How drinks brands can beat the barriers to organic social media engagement
As social media becomes increasingly competitive for drinks brands, platforms are changing their business models to propel paid content to the top of consumers’ feeds. However, what happens to brands relying on organic engagement?
Speaking with Drinks Retailing at London Wine Fair 2022, Tom Harvey, co-founder of drinks marketing agency YesMore, says that relying on traditional organic engagement is more difficult than ever.
“Social media platforms are making it harder and harder for us to get organic engagement. And in the six months, we've seen a drop in engagement,” he says.
The reasoning for this? Harvey suggests that the rise in competition has led social media platforms to prioritise paid advertising: “They're making it harder for us to get organic engagement because they want us to spend on paid social media, and that's their business model.”
In what sounds like concerning news for small and independent brands with a lower budget, Harvey offers his advice for those looking to maximise their engagement.
While bigger brands have seen success with celebrity endorsement, such as 19 Crimes and its collaboration with household names such as Snoop Dogg and Martha Stewart, Harvey says there is no harm in starting small: “We all know of celebrities and macro-influencers, but there’s also micro-influencers.
“Influencers are fantastic at driving awareness of your product with an audience which would otherwise not have known about you.”
There has also been a rise of late in social media competitions, as brands look to drive organic content.
Harvey suggests taking a quality over quantity approach by focusing on a smaller number of social media platforms: “Just keep to one or two social channels really well and put your efforts into that. Don't try and do all of them - you'll just drop the ball. And then if you're a retailer, I would recommend against doing multiple channels for multiple locations.”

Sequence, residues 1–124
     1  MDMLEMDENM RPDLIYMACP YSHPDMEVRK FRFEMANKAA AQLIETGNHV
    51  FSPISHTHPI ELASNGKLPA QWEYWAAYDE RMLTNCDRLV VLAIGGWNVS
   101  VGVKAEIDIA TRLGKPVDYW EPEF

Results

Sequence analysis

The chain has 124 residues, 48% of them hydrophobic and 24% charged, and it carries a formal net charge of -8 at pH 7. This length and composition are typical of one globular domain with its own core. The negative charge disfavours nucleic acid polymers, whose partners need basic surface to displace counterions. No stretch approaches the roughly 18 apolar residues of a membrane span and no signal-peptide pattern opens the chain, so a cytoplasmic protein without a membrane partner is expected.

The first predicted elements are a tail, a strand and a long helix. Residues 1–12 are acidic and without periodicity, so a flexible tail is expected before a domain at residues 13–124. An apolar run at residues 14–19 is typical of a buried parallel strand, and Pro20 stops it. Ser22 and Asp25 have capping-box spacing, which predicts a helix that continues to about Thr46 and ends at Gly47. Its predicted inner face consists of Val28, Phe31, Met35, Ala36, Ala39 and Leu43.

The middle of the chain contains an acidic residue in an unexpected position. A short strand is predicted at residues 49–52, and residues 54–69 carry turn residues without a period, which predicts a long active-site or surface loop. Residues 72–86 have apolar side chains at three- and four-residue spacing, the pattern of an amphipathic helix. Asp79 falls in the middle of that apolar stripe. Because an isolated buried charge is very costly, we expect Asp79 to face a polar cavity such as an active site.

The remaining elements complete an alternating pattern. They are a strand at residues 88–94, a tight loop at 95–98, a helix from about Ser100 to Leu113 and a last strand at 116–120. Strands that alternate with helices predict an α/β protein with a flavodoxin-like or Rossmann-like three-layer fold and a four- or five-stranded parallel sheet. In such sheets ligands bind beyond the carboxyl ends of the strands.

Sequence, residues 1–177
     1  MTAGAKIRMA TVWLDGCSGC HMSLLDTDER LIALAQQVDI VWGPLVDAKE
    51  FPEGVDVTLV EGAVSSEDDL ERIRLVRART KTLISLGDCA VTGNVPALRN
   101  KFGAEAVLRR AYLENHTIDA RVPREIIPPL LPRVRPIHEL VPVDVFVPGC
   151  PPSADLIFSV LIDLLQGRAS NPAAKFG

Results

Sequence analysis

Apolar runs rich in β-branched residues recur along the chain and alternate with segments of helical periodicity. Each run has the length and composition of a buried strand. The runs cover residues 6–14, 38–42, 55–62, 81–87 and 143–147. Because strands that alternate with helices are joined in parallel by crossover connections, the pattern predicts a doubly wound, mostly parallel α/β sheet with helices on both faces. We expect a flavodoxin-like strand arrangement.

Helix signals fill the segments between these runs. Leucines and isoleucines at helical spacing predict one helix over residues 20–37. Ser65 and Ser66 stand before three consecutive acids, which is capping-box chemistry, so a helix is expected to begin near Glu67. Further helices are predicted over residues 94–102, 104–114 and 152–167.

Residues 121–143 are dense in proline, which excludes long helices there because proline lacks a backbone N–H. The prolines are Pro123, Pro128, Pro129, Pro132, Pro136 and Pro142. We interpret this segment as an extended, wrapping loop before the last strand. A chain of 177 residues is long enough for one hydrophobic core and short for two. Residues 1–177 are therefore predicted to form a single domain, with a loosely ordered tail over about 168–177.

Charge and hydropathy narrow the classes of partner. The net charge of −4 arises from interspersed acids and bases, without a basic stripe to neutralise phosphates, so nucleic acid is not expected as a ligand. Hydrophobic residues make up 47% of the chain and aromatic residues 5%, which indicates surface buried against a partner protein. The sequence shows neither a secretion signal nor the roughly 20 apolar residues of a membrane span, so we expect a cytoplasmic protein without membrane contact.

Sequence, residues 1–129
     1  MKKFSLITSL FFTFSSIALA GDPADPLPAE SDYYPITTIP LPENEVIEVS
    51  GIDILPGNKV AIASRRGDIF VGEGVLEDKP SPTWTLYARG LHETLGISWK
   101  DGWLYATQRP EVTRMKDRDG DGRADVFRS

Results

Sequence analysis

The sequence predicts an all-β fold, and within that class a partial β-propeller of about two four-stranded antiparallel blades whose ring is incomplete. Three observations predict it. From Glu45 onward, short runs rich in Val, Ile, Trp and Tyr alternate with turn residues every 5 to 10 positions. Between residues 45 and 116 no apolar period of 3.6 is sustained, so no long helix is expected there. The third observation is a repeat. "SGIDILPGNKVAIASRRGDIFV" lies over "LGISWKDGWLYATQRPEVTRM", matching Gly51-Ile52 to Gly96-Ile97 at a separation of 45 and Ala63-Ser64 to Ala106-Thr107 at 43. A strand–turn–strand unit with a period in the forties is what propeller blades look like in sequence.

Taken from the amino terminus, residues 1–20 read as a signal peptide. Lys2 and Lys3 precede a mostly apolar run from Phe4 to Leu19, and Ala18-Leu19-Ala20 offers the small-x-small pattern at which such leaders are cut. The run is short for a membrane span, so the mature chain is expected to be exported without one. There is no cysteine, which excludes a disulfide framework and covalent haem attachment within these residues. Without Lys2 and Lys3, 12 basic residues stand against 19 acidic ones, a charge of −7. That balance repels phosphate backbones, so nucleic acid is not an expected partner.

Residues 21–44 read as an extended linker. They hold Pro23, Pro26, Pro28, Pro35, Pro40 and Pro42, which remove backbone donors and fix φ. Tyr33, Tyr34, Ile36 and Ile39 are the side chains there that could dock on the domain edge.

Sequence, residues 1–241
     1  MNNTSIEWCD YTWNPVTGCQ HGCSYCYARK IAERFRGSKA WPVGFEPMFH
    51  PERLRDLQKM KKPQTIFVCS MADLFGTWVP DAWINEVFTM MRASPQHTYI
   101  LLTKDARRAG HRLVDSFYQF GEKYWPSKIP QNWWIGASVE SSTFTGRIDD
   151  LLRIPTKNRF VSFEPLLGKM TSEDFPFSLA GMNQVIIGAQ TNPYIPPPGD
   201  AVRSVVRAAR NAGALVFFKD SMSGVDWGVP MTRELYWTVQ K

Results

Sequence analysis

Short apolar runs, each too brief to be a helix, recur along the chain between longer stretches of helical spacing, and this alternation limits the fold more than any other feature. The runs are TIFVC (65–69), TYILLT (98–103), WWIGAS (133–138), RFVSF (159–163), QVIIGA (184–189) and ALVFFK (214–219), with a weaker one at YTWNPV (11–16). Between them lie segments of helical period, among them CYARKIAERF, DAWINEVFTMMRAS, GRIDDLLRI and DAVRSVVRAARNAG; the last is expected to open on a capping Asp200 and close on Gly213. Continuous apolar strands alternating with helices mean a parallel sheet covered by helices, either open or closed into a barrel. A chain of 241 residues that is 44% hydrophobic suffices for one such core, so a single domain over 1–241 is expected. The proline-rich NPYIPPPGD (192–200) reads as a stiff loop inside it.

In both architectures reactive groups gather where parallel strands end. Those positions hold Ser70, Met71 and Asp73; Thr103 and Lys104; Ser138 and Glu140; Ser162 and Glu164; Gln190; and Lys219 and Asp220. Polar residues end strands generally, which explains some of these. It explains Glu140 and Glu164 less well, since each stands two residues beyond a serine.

Driving organic engagement often involves more time and effort spent on social media marketing, as Harvey points out. However, to help beat social media fatigue, Harvey suggests thinking outside of the brand box.
“Don’t think like a brand on social media - think like a publisher. Publishers will create content that is interesting enough for consumers to want to pick up a magazine…for Aperol Spritz, we’ve been doing Instagram stories on the best Italian restaurants in Bristol, for example, and that is useful in giving value to consumers.
“It inspires the audience, and also supports your listings.”
To stand out in a sea of brands, Harvey notes the importance of personality and “purpose-led” content alongside product promotion.
“You can land campaign after campaign after campaign, but sometimes it just doesn't resonate with the audience.”
“Knowing your niche is really powerful,” he adds, while suggesting that brands avoid simply latching onto calendar dates such as Father’s Day as an opportunity for organic engagement.
And despite the difficulty of obtaining organic engagement, trusting in the algorithm to get your posts to the right audience is all part of the social media game: “You can post four or five times a day on Instagram and the algorithm will show it to the people that want to see it that many times based on the kind of posts they have previously engaged with.
“I don't think there's an upper limit with how many times a day you post. I would do it based on how much effort you can put into it.”